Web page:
Watch: Right-to-be-Forgotten Panel

  • Susan Greene is a reporter, editor and coach for the Colorado News Collaborative (COLab). She was editor and executive director of The Colorado Independent before it merged with COLab and a longtime reporter and metro columnist at The Denver Post. She was selected as a 2020-2021 Rosalynn Carter Mental Health Journalism Fellow, and is the inaugural recipient of the Benjamin von Sternenfels Rosenthal Grant for Mental Health Investigative Journalism.

Share on facebook
Share on twitter
Share on linkedin
Share on whatsapp
Share on email

Join us for a discussion about the movement to minimize longterm harm in crime reporting

Newsrooms in Colorado and nationally are starting to adopt policies seeking to reduce harm to criminal suspects and make it easier for them to move on after their time in the news spotlight has passed.

The Associated Press recently announced it will no longer release suspects’ names or mug shots in stories about minor crimes in which it is unlikely the news agency “will provide coverage beyond the initial arrest.” The Denver Post and affiliated newspapers owned by Prairie Mountain Publishing, as well as outlets owned by Swift Communications recently have adopted similar policies.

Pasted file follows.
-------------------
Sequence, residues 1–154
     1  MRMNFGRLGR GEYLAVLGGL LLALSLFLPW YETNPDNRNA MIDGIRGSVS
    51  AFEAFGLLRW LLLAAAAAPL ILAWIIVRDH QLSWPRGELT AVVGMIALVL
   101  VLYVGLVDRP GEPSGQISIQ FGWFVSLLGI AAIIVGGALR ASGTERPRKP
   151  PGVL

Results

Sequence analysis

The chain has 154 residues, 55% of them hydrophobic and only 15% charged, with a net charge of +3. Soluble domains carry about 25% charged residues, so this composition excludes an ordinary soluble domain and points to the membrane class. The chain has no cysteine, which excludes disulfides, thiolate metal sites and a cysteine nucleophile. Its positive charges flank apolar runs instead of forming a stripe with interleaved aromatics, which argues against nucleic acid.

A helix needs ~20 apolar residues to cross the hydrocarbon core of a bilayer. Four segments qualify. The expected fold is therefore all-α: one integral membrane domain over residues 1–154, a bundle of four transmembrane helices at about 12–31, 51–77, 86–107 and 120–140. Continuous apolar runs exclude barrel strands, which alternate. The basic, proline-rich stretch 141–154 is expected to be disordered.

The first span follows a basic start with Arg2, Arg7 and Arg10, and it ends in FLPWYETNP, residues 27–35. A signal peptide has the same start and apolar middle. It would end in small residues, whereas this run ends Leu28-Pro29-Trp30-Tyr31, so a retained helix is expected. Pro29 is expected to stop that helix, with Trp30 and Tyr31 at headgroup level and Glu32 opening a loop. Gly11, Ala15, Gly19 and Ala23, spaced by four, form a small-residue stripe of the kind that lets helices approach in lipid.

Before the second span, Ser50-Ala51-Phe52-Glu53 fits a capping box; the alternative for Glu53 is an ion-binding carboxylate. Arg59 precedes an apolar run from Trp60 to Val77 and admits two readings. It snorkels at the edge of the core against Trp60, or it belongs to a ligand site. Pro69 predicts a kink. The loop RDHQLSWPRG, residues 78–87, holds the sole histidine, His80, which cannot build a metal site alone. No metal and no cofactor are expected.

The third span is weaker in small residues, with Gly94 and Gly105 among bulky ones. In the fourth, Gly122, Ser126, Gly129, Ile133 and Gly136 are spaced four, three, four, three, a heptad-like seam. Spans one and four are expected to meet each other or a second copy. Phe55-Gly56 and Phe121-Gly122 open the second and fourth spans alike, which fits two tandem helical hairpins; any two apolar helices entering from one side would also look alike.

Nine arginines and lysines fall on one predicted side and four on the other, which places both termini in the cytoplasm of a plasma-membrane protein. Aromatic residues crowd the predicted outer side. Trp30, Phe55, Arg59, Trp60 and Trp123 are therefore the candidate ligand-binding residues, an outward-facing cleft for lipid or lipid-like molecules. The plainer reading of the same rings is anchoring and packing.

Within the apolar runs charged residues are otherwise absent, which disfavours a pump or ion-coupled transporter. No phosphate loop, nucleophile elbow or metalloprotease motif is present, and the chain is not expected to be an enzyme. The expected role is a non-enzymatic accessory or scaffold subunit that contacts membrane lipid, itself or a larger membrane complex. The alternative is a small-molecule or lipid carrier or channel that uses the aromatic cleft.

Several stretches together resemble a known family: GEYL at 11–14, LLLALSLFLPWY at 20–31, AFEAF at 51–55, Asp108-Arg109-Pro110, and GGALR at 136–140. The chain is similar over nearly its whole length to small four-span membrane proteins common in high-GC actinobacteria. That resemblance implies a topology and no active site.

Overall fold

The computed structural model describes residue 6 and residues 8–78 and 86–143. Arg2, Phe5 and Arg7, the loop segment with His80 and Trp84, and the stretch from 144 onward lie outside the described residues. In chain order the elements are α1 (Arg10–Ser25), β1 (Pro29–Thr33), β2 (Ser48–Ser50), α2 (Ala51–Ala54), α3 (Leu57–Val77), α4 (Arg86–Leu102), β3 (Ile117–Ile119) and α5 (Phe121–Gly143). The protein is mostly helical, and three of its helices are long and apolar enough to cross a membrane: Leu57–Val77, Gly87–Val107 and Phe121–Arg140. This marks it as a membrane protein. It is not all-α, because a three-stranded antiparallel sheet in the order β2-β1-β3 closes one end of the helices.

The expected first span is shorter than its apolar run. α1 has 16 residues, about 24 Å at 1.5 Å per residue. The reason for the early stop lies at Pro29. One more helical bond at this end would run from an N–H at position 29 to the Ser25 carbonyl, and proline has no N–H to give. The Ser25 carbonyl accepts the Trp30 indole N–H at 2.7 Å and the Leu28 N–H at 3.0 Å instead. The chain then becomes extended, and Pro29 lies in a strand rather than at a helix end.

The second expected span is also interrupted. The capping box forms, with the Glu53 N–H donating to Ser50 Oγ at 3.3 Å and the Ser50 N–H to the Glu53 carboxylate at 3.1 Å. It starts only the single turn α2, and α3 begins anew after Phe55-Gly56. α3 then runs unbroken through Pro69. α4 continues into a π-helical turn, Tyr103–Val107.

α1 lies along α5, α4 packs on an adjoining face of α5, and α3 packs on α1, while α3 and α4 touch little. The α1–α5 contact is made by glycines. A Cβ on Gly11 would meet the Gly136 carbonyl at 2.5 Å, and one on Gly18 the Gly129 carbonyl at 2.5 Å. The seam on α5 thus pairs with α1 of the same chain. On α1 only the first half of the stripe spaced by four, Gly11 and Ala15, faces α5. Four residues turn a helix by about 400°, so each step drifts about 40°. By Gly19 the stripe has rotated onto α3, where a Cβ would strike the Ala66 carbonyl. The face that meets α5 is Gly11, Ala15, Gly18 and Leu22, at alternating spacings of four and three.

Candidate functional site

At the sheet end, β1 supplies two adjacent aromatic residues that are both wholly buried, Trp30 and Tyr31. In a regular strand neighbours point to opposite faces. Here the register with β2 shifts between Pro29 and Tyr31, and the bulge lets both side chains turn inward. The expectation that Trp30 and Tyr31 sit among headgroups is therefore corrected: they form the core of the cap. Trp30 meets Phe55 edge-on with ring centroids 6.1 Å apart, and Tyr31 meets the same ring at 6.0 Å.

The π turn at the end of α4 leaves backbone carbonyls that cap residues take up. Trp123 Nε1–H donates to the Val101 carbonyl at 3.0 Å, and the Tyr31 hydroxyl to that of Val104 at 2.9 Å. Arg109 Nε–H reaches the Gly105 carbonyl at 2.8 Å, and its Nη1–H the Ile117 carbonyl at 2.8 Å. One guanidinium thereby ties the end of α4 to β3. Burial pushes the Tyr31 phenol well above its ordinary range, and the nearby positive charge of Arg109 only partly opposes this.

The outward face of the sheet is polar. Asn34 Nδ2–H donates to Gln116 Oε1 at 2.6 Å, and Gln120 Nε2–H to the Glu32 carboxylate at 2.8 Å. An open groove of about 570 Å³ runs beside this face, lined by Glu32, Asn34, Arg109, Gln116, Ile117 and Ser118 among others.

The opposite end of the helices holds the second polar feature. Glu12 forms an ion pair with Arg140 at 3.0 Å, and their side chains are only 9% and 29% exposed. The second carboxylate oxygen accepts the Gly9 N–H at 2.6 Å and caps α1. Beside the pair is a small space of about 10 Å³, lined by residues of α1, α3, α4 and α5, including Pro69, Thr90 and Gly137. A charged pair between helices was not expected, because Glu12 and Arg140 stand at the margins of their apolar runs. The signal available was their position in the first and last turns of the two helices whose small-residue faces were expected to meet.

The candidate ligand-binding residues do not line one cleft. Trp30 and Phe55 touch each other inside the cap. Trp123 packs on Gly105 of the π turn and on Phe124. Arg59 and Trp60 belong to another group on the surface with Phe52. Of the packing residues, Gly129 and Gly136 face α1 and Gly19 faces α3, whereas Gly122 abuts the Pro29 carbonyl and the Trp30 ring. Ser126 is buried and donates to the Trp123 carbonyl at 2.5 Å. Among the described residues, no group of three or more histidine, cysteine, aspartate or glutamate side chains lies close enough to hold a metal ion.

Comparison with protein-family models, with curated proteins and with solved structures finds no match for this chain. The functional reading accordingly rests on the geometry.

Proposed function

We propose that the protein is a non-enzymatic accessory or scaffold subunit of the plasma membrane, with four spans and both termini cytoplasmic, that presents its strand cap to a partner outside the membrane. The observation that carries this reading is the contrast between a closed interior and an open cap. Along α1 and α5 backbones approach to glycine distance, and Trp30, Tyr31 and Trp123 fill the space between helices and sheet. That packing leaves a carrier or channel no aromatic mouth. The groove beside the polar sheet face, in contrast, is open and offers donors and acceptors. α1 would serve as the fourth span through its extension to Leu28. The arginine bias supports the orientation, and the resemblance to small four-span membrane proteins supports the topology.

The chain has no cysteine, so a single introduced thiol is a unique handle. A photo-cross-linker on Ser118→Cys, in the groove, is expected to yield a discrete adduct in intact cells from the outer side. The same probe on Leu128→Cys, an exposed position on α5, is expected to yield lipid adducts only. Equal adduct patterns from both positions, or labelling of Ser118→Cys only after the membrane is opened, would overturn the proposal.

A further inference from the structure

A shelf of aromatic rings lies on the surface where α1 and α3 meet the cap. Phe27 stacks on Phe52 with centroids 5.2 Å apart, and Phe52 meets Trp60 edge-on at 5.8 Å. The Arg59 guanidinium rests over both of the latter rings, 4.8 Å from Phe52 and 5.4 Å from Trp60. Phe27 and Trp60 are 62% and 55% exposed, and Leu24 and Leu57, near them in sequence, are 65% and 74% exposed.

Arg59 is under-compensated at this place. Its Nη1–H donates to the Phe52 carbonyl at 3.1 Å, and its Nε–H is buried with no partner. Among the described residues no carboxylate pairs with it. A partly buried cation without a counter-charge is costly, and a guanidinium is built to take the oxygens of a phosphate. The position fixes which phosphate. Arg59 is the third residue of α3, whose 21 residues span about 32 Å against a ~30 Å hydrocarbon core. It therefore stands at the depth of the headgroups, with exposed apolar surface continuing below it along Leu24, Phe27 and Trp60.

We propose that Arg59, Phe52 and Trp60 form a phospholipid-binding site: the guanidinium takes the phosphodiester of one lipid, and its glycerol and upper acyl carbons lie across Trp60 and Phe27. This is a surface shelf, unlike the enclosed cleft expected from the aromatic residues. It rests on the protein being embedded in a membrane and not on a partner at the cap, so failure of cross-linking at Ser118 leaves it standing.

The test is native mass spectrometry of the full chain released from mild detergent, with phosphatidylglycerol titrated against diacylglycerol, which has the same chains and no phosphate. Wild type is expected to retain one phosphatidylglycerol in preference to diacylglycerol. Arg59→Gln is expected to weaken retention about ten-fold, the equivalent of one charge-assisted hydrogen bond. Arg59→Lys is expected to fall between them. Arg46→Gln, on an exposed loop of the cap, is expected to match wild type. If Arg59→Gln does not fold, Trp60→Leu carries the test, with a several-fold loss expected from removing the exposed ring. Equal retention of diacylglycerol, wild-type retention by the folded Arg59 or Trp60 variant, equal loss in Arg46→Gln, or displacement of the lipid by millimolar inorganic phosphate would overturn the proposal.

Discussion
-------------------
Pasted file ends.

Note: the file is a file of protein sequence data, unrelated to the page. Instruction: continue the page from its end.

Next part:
The “right-to-be-forgotten” movement is driven largely by increasing requests from people wishing to erase negative media coverage that can permanently hinder their job and housing prospects. It also comes as Americans increasingly embrace second chances as a civil right.

Critics argue that the public has a right to know who has been arrested and that removing their names by amending stories on internet archives is a form of censorship that effectively rewrites history.

Given the major shifts this issue is making in our industry and questions many outlets have about whether and how to implement right-to-be-forgotten policies, the Colorado News Collaborative (COLab) is hosting a virtual panel from noon to 1 p.m. Wednesday July 28 for discussion. Veteran journalist Susan Greene will moderate the conversation with Denver Post Editor Lee Ann Colacioppo and Aspen Times Editor David Krause, who both have adapted new policies in their newsrooms. We’ll talk about the nuances of these policies and ways they can help boost trust in local news coverage. We’ll discuss how newsrooms may want to factor in Colorado’s recently passed House Bill 21-1214 when deciding whether to amend old stories. And we’ll examine the extent to which journalists should rely on police accounts in their reporting. See this recent column by Corey Hutchins on the topic. 

COLab is pleased to partner with the Colorado Freedom of Information Coalition, the Colorado Press AssociationColorado Media Project and the Denver Press Club in promoting this important conversation.